I Was Here

I Was Here by Gayle Forman

4.5 stars

Suicide is a very popular topic in the young adult genre, and normally a topic I stay away from. But when I saw this book with the pretty cover I couldn’t resist.

Cody is astonished when she discovers her friend Meg has committed suicide. Meg’s parents ask Cody to go to Meg’s school and pack up her thing, which is where Cody discovers Meg held a very different life than the one she told Cody. Due to a weird phrasing in Meg’s suicide note, Cody investigates the circumstances of Meg’s death and discovers she was involved in a chat room where the participants support other users in taking their own lives. Cody becomes obsessed with one user in particular, and thinks they may hold the answers to her friend’s death.

I think the thing I loved most about this book was how it is set in the first year after high school. There are so few books like this out there, I can really only name one or two others, and they don’t address the issues that come after graduation. For many teenagers, just getting into college is the endgame and they don’t consider what’s next. Life doesn’t always turn out how we expect, and I felt that was a small theme of this book. But the important thing is to embrace the change and either accept our path or change it ourselves. I liked the fact that Forman’s main character attended community college, because many teens choose to do this over a four year university. Cody was an intelligent young woman, but if everyone who was intelligent was able to go to college we would all be living in a different world.

I’m going to get a little bit personal here, but I want to put it out there. My first year of college was tough, really tough for me. I went to a school 7 hours away from home and only one other kid from my high school went there and he dropped out. I had an easy start making friends, but I soon learned that not everyone is as nice or actually cares about you as much as you think they do. I remember feeling so alone that first year, and it really didn’t get better for me until my freshman year was almost over. My friends from home had their own things they were dealing with at home or at their own colleges and it became hard to stay connected with them. So, in a small way I can relate to Meg, in that I felt incredibly lonely in a place where I was surrounded by people all the time. I’m very different from Meg in that I never, NEVER contemplated suicide. But my experience reminds me that it’s easy for young college students to become vulnerable in a new place with people they don’t feel connected to. And that’s where the predators can strike.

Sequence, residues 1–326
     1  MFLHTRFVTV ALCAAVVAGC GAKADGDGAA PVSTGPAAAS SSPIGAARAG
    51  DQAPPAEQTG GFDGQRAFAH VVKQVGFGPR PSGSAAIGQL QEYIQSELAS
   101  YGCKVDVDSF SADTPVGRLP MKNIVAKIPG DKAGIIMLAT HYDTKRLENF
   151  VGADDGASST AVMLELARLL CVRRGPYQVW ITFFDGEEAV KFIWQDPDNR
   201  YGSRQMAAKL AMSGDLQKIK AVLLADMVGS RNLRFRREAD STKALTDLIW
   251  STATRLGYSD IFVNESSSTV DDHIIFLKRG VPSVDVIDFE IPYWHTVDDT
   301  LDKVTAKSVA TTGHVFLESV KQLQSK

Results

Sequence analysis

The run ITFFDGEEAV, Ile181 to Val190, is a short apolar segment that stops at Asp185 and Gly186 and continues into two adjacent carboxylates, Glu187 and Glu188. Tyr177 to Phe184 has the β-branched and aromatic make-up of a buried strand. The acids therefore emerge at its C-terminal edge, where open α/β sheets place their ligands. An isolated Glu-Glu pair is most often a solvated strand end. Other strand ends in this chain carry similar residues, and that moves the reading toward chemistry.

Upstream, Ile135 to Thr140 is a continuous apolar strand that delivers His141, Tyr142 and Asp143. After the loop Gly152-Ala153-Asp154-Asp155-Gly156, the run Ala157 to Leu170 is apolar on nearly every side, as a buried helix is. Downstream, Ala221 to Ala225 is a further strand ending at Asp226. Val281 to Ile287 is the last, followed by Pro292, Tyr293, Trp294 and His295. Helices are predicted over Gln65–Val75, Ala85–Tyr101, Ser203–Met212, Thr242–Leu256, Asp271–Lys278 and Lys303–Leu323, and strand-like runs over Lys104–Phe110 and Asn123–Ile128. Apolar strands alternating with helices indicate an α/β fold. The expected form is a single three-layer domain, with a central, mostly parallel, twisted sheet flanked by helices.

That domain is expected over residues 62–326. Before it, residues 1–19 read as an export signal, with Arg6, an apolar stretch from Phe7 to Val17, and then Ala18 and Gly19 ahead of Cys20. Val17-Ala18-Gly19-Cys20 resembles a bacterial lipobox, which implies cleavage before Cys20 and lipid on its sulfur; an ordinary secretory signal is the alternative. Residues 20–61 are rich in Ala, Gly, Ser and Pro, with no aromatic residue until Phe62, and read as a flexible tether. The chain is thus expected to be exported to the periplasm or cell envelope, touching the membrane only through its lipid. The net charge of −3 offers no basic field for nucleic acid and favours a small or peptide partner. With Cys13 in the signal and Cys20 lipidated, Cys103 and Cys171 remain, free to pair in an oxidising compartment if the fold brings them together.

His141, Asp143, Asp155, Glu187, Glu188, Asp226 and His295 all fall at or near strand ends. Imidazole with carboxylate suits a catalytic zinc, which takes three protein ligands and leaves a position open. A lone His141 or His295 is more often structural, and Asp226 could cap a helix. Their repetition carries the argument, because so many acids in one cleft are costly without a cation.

Basically, I really connected with this book and loved it. I realize this book might not be for everyone, but as I always say about books, you never know until you try.

Some people who reach out for help sometimes reach to the wrong person or place, and it’s important to remember that suicide is not the answer. It gets better, it did for me, it will for you. No matter how you feel, there are people who care about you, whether you know it or not, whether you believe it or not.

And if you do know someone, or loved someone who took their own lives, it’s not your fault.


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